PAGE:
Merck Manual

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Pet Owner Version

Hives and Rashes (Urticaria) in Cats


Stephen D. White

, DVM, DACVD, University of California, Davis

Reviewed/Revised Aug 2018 | Modified Oct 2022

Hives or skin rashes (urticaria) are small patches of red, swollen, usually itchy, skin. They are very rare in cats and are most often associated with insect bites or stings or with medications. Hives may develop after inhaling, touching, or consuming allergens. When hives occur with severe swelling and fluid accumulation in other parts of the body (usually the head, legs, respiratory tract, or genitals), the allergic reaction can be life threatening.

The wheals (eruptions) appear within a few minutes or hours of exposure to the causative agent. In severe cases, the skin eruptions are preceded by fever, poor appetite, or dullness. They can develop on any part of the body but occur mainly on the back, flanks, neck, eyelids, and legs. In advanced cases, they may be found on the mucous membranes of the mouth, nose, lining of the eyes, rectum, and vagina.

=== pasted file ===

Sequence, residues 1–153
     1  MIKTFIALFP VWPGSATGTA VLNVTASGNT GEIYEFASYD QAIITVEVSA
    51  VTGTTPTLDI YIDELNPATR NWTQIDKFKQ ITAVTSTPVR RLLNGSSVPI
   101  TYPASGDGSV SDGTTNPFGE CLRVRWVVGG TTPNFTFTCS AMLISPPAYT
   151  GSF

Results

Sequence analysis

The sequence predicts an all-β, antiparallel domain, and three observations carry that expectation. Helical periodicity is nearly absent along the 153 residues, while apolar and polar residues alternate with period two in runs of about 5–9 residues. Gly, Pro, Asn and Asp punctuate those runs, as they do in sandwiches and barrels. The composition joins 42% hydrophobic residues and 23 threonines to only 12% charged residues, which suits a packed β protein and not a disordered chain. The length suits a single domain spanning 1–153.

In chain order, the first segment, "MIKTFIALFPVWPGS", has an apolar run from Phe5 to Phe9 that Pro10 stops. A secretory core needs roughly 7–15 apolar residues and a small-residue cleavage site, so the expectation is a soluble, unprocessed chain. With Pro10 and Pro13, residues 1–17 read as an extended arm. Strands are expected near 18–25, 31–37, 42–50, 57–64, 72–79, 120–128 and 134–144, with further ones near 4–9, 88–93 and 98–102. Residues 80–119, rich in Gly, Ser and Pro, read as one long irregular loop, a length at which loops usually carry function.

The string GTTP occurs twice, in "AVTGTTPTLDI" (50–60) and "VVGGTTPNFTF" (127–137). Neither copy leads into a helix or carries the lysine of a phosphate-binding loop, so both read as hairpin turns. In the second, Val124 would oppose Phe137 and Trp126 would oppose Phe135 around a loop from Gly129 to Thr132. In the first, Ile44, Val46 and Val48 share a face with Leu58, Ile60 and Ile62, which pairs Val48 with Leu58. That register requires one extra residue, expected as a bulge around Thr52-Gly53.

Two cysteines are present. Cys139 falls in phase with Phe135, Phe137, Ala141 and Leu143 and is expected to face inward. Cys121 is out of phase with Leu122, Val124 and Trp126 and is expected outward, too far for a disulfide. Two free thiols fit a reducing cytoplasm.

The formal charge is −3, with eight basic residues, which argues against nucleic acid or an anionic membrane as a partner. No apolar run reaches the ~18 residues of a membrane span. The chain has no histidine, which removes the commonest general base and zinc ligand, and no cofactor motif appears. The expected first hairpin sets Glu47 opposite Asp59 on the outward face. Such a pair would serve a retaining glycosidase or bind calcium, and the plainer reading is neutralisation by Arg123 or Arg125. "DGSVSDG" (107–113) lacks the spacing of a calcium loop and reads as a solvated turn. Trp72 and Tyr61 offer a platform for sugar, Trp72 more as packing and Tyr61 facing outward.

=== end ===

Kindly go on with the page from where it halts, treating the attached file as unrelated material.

Often, hives disappear as rapidly as they arise, usually within a few hours. Treatment may not be required. When needed, treatment may include rapid-acting corticosteroids. Hives may return rapidly if exposure to the cause is not eliminated. If hives are chronic, food or environmental allergens should be considered as potential causes. Death rarely occurs and is usually associated with swelling of the lining of the respiratory tract or anaphylaxis (a severe allergic reaction).

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